Medicaid recipients who receive a stimulus check that puts them above Medicaid’s resource limit will need to spend down the money within a year or risk losing benefits. The Social Security Administration has said that it will not consider stimulus payments as income, and that the payments will be excluded from a Medicaid recipient’s resources for 12 months. The following are examples of what a Medicaid recipient may be able to spend the money on without affecting their eligibility:

Make a payment toward paying off debt.
Make small repairs around the house.
Update personal effects. Buy household goods or personal comfort objects. Buy a new wardrobe, electronics, or furniture.
Buy needed medical equipment, see a dentist or get eyes checked if those items aren’t covered by insurance.

If you have questions about how you or a family member in a nursing home can spend the money, contact your elder law attorney. To find an attorney near you, click here https://www.elderlawanswers.com/elder-law-attorneys

Ohio Legacy Asset Protection Trusts

There are certain types of trusts that a person can create to protect their estate from lawsuits, bankruptcy, divorce settlements, government expropriation and other creditor claims against their property. Many persons have what is commonly referred to as a revocable living trust. These are usually set up in order to avoid probate. However, this type of trust offers no creditor protection. Traditionally, a person could not set up their own trust for their benefit and at the same time protect their estate from creditors. Trust law prohibited this type of trust. However, this has changed in many states.

Ohio is one of those states that has a special statute permitting a person to create this type of trust. The Ohio Legacy Trust Act was passed effective March 27, 2013 adding new provisions for the creation of an asset protection trust. The Ohio version of a domestic asset protection trust is known as an “Ohio Legacy Trust.” It is one of the best statutes in the country of this type. There are many other details that I can’t cover in this short biog. One important detail to be aware of is that you must plan ahead and create this trust prior to any actual creditor claims or other legal actions against you. The law prohibits any type of transfer of property to this trust if you have a pending creditor claim. As with all other estate planning, it is important to plan ahead.

Can You Visit Nursing Home Residents After They are Vaccinated?

COVID vaccines are starting to roll out to nursing homes across the country, signaling the beginning of the end of the pandemic. Once your loved one has had both doses of the vaccine, you may be able to visit, but precautions are still necessary.

The federal government entered into a partnership with CVS and Walgreens to deliver the vaccines to nursing home residents, who have high priority for being vaccinated, according to the Centers for Disease Control and Prevention (CDC) guidelines. The pharmacy companies began administering vaccines in 12 states in mid-December and will expand to 36 states before year’s end. Both the Pfizer the Moderna vaccines require two shots three or four weeks apart.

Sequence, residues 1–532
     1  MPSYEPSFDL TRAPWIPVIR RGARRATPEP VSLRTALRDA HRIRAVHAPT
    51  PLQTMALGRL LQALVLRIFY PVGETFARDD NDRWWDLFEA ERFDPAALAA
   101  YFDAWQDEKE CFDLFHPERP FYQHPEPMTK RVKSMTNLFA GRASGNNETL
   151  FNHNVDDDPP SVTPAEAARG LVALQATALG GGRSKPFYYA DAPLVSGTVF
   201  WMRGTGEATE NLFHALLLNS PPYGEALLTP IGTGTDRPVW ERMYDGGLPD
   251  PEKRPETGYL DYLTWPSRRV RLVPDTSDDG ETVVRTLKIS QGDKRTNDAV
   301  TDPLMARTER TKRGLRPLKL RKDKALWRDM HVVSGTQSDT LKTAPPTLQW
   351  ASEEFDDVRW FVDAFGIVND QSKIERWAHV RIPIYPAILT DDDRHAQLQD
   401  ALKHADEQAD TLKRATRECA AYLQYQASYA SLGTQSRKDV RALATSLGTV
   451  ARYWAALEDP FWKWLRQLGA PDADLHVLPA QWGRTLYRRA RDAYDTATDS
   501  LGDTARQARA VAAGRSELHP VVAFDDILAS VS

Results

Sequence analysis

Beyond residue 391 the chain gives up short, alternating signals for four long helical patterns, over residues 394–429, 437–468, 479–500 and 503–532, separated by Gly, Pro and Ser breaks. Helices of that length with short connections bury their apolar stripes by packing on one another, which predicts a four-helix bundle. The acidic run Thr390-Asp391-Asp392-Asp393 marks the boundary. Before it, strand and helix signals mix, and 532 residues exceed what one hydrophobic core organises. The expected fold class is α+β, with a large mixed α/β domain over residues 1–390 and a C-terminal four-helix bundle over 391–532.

Restrictions on nursing home visitors vary from state to state, with some states limiting them and others allowing more visitation. Currently, the CDC recommends that nursing homes allow indoor visitors if the facility has had no COVID cases for 14 days. Once vaccines have been distributed, restrictions may ease further.

According to the New York Times, experts recommend that to be safe, you should wait until two weeks after your loved one gets the second dose of the vaccine before visiting. The safest time to visit would be after all the residents and staff have been vaccinated and you receive the vaccine as well. Even if you and your loved one are vaccinated, you should still wear a mask when visiting. As long as COVID is spreading in the community, mask wearing is still recommended.

Noting that the vast majority of older adults with chronic conditions live at home, long-term care consultant Howard Gleckman asserts that these vulnerable adults along with their caregivers should also be vaccinated as soon as possible. As states ration their limited initial supplies of the vaccines, Gleckman says, “they should remember the millions of people who are at high risk of severe illness or death from the virus, but who are living at home.”

For more information about the vaccine rollout to nursing homes, click here and here.

SEMINARS FOR CPA’S & FINANCIAL PLANNERS

The following seminars are offered for CPA’s, financial planners and insurance agents for continuing education credits. These are not consumer oriented seminars. Registration links are at the bottom of this post.

ASSET PROTECTION PLANNING
FOR NURSING HOME COSTS
Friday, December 11, 2020 @ 8:45 AM – 12:00 PM
via ZOOM online of course

▸ Review of all new changes resulting from Ohio’s conversion to an SSI/1634 State